Behind the Beautiful Forevers: Life, Death, and Hope in a Mumbai Undercity

Sophie SmithIndia. The awe-inspiring crush of humanity. Roads crowded with every sort of vehicle and person and animal.

These are the images, I’m told, that stick with any visitor.

I have never been to India. Everyone I’ve spoken to who has traveled there for work or school or pleasure has described its overwhelming beauty, alongside its devastating filth.

Behind the Beautiful Forevers book jacket

“Behind the Beautiful Forevers” by Katherine Boo is available from the library in hardcover, large print, audiobook on CD, and downloadable audiobook.

Katherine Boo’s National Book Award-winning Behind the Beautiful Forevers delves deep into the muck of one slum in Mumbai and washes away the grime to expose the people eking out a life in any way possible.

Her story opens with the burning of a one-legged prostitute. The tragedy, as the story unfolds, is not just the death of the burned woman, Fatima, or the actions of the Husain family who live next door to her, but rather the culture of poverty and competition in Mumbai’s slums. Issues of caste, religion, money, and power set both real and artificial barriers among the residents of the slum.

Paths to survival
Boo’s narrative nonfiction follows a number of members of this community, each looking for a way to survive the slum either by beating the oppressive and corrupt system or by finding a way out. In all cases, this is much easier said than done.

For Abdul, it is making money by stealing trash and recycling it.

For Asha, it is gaining power through sex and corrupt government.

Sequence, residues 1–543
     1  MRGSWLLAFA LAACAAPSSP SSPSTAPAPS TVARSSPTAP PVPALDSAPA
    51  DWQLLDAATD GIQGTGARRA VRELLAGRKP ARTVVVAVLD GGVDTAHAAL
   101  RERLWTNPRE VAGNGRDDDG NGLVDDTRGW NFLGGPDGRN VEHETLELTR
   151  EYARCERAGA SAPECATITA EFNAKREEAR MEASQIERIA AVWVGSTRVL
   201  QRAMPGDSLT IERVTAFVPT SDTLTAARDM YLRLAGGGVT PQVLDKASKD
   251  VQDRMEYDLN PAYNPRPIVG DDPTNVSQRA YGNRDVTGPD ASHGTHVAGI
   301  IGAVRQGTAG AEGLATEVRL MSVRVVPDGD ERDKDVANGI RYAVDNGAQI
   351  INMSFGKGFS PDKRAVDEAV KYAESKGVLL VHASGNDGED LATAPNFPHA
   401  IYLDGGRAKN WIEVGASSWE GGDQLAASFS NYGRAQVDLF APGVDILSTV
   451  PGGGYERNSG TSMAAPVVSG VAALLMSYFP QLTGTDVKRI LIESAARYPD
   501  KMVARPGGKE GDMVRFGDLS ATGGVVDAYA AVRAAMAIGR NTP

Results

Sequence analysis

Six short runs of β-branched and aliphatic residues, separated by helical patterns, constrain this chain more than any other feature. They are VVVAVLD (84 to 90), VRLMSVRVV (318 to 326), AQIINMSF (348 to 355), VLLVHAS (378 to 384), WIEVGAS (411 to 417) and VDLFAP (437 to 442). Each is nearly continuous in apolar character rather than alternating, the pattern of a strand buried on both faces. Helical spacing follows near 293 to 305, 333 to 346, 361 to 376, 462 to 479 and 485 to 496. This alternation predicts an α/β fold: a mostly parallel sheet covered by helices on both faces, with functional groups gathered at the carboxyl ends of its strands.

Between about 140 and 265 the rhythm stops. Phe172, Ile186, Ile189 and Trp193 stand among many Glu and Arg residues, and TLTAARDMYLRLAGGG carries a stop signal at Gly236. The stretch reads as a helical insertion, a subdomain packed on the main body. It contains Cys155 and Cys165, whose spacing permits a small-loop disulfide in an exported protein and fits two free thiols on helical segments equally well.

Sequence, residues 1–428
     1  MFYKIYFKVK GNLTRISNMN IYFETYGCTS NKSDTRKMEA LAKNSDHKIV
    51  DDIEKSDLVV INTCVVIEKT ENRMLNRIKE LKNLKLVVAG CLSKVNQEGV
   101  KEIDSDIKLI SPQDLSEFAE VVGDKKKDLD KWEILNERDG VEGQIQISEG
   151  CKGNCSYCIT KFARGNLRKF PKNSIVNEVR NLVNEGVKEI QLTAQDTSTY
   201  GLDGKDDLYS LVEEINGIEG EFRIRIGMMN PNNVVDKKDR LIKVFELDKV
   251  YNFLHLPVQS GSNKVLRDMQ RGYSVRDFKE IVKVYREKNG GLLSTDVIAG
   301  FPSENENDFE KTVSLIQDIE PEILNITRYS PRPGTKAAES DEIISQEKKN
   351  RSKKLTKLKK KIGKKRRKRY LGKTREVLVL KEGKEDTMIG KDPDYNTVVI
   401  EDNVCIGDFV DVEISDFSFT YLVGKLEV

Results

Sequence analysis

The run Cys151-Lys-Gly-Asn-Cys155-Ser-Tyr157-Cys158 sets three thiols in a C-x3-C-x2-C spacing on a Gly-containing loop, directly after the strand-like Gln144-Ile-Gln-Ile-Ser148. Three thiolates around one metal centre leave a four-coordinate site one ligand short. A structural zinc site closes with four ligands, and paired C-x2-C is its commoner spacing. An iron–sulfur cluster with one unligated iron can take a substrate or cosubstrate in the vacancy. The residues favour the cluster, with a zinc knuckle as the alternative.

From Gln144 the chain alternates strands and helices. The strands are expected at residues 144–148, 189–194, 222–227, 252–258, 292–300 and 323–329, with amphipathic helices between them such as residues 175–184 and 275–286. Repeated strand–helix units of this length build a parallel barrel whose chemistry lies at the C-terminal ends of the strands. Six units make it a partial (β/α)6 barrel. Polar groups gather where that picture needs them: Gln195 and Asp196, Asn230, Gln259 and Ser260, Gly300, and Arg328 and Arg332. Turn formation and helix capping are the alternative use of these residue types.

For Manju, it is continuing her education and escaping before being married off as a valuable commodity.

For many, the only way out is death.

All of this takes place in the slum that is literally on the grounds of  Mumbai’s international airport. It emphasizes just how oblivious visitors and people in successful social classes can be when it comes to the lives in urban slums. But even those in the slums are living complicated, full lives, with challenges vastly different than those around them.

As globalization spreads into forgotten areas of cities around the world, we need to remember the people whose lives are impacted, whose homes were displaced to allow our planes to taxi to the runway.

What fiction or nonfiction have you read lately that has opened your eyes?

About Sophie Smith

Sophie Smith is the supervisor of teen services at the Nashua Public Library and can also frequently be found at the reference desk. As a history and Spanish major at Kenyon College she spent a year in Salamanca, Spain. She earned her master's in library and information science from Simmons College.

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